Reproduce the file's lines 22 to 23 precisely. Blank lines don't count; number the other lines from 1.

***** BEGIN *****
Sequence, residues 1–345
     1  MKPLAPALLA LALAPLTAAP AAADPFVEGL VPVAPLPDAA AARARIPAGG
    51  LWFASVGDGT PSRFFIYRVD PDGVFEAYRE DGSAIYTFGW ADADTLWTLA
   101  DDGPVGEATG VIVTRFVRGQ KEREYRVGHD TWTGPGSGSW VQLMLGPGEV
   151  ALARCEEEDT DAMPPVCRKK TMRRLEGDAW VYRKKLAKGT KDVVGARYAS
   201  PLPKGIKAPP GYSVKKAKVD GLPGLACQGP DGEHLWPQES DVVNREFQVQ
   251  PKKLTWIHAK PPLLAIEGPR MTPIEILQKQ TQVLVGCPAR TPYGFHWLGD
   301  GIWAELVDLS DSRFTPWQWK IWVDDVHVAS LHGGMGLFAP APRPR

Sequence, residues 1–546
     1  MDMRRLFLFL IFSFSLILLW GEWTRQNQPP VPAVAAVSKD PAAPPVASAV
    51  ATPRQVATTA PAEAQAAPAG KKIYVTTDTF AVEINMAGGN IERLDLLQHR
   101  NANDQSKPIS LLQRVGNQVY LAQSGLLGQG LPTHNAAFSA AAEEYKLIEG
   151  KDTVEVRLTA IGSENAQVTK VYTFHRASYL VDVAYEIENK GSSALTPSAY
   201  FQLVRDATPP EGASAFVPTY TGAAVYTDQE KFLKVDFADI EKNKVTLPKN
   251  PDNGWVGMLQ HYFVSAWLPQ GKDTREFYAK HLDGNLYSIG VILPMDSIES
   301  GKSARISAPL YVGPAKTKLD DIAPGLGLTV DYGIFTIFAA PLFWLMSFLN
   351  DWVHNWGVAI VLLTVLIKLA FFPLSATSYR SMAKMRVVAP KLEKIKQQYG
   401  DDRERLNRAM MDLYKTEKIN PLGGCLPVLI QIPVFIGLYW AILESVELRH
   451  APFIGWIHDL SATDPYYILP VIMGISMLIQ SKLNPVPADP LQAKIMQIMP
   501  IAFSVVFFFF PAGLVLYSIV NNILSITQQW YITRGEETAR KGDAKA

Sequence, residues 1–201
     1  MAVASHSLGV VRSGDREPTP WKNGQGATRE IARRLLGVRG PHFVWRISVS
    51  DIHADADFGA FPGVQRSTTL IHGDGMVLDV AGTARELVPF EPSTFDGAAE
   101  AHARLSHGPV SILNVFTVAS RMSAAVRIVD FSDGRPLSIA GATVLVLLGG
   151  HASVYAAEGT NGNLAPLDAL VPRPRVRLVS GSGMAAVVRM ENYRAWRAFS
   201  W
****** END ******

     1  MAVASHSLGV VRSGDREPTP WKNGQGATRE IARRLLGVRG PHFVWRISVS
    51  DIHADADFGA FPGVQRSTTL IHGDGMVLDV AGTARELVPF EPSTFDGAAE